"Davi Barker, co-founder of the BitcoinNotBombs advocacy group, has recently described a run-in he had with the TSA. Barker was about to board his plane on his way back from the New Hampshire Liberty Forum, when he was stopped by two TSA agents. Barker, who was wearing a BitcoinNotBombs shirt and carrying a few hundred metal lapel pins some with the logo of Blockchain.info, a popular Bitcoin wallet and block explorer service was just cleared by airport security. But the TSA agents wanted to search his luggage again. They were looking for his Bitcoins:
I turned back to the orange shirt and asked 'What did the Bitcoin look like?' Bill chimed in and told the agent that what he was saying was impossible because Bitcoin is digital and doesn't have have any physical manifestation. You can't 'see' Bitcoin. The orange shirt said they looked like medallions or tokens. I said I didn't understand what he was talking about, and he simply repeated, in a child like way, that Bitcoins are like metal tokens. I told him that I didn't have any tokens.
The TSA agents suspected he was travelling internationally with over $10,000 worth of Bitcoins. This, presumably, might be seen as a form of money laundering. When another member of his group said that Barker was not going to fly out of the country, the agents simply turned around and disappeared."
(Score: 5, Funny) by jt on Sunday March 02 2014, @06:48PM
Remember when it was illegal to export crypto algorithms as these were categorised as munitions, and people tattooed Perl implementations of algorithms to their bodies before flying out? Well, now we can do the same with crypto currencies, and tattoo the addresses to our bodies instead. Bonus: we don't have the shame of people seeing Perl code on our bodies.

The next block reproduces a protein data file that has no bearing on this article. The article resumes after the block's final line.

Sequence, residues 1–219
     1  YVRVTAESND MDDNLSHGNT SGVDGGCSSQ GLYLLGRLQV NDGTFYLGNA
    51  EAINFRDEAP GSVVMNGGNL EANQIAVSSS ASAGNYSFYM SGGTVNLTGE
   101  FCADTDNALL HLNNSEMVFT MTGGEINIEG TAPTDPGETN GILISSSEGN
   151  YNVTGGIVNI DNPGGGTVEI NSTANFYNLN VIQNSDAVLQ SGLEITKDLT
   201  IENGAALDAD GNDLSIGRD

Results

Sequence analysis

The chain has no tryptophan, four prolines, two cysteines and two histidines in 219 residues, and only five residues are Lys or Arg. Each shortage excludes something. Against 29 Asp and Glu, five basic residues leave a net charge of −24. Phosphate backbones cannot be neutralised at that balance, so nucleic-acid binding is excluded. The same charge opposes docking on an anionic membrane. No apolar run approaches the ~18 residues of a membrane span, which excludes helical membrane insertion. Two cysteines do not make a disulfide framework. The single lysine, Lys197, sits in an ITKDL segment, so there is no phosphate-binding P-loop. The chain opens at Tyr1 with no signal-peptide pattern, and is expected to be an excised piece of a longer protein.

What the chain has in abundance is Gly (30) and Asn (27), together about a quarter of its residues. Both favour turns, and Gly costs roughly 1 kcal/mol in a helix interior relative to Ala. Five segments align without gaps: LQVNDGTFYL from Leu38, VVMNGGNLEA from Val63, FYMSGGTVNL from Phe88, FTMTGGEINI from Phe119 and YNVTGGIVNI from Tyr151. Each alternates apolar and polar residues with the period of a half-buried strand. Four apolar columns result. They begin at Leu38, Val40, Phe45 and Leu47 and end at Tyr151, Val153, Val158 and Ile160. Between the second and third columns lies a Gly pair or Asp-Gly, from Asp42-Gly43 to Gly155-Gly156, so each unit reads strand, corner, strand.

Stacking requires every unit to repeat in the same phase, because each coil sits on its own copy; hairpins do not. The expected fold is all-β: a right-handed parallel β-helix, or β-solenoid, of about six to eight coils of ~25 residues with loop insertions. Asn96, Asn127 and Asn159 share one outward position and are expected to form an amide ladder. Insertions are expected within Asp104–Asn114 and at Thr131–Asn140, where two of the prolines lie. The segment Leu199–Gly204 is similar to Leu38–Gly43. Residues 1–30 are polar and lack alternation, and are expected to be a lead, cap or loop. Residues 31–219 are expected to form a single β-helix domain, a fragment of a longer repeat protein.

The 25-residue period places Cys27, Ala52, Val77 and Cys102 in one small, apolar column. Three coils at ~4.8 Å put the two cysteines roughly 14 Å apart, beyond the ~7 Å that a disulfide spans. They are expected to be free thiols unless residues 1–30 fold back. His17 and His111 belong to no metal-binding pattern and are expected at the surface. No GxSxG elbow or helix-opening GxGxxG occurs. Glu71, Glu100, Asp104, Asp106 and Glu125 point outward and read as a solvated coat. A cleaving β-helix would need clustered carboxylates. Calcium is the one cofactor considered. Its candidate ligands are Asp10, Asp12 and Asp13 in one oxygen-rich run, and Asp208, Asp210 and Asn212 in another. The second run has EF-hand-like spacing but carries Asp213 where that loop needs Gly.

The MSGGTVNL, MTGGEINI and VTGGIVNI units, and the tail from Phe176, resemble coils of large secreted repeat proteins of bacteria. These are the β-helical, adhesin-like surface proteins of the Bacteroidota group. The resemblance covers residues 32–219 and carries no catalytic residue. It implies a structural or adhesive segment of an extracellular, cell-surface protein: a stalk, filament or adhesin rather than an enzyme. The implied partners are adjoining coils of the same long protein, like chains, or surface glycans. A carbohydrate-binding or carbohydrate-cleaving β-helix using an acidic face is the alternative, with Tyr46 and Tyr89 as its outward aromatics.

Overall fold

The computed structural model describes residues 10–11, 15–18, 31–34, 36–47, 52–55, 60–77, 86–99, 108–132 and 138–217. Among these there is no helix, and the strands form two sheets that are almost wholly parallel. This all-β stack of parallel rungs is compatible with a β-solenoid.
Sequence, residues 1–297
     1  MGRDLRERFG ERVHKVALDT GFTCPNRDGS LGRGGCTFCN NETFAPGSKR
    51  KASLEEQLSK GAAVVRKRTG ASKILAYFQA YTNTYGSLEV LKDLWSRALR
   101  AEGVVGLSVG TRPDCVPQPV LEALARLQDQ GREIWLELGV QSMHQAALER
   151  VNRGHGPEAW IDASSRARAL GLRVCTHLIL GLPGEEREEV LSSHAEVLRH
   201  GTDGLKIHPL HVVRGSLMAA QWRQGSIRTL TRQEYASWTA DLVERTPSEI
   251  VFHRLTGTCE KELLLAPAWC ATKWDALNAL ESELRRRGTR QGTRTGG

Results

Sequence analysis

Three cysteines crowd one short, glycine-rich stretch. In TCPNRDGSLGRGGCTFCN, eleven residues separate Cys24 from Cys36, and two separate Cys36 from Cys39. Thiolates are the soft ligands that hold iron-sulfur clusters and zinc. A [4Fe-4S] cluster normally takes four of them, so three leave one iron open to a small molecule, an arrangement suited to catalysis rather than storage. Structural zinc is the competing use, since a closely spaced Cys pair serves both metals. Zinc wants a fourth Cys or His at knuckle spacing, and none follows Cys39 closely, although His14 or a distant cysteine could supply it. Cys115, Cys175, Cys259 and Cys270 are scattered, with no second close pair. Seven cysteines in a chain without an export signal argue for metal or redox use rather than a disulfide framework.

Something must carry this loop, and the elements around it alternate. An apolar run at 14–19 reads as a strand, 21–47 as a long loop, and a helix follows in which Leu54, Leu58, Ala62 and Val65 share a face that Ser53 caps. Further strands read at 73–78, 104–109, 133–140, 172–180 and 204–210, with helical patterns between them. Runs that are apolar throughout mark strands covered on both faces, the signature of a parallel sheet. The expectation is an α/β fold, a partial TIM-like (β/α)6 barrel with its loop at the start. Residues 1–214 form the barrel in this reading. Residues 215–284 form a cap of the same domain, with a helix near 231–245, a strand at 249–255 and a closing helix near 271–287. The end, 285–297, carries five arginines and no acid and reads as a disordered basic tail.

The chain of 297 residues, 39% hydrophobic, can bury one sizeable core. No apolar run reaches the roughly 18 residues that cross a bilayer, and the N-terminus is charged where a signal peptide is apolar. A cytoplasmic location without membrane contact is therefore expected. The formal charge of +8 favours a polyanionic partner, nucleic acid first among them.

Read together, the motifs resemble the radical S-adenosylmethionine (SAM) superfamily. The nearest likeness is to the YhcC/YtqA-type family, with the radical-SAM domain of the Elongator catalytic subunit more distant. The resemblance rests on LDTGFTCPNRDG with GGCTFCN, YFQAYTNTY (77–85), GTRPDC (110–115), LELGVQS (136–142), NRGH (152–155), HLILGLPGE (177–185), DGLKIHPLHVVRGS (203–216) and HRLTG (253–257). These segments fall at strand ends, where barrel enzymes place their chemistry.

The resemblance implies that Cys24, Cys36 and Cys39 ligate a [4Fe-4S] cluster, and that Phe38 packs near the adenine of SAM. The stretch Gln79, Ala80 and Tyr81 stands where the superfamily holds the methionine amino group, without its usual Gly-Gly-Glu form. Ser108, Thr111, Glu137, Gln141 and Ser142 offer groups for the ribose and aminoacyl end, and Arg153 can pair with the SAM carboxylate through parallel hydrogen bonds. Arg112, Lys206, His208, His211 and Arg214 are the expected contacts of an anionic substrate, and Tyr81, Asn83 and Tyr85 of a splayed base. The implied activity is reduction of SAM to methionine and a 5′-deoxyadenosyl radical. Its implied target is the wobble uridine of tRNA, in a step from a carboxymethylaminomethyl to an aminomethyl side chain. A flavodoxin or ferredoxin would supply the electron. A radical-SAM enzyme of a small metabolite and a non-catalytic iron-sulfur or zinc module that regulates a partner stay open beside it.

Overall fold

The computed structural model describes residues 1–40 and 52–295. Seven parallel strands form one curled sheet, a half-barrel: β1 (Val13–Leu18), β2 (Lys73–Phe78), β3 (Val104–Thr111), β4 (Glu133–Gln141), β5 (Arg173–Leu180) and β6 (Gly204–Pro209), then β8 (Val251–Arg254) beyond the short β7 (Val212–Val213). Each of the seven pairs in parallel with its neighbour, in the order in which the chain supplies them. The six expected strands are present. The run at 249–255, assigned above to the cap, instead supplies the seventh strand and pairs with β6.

(Score: 5, Interesting) by maxwell demon on Sunday March 02 2014, @08:35PM
Well, the funny thing is that strictly speaking, the bitcoins are not at one specific place. You can take your "bitcoins" with you and at the same time keep them at home on your computer, and also on a backup disk, and even have dropbox copy them all over the world, because your wallet doesn't really contain the bitcoins, it just contains the information you need to spend them. If you make a copy of your wallet, you don't make a copy of your bitcoins: You don't have twice as many bitcoins. In some sense the wallet is more like your banking card: It doesn't contain the money, but allows you to access the money. Only that with the banking card, you can at least in some sense locate the money, namely at your bank. But in the case of bitcoins, the actual money is in the network, distributed all over the world. And therefore it is not really possible to carry bitcoins with you.
The Tao of math: The numbers you can count are not the real numbers.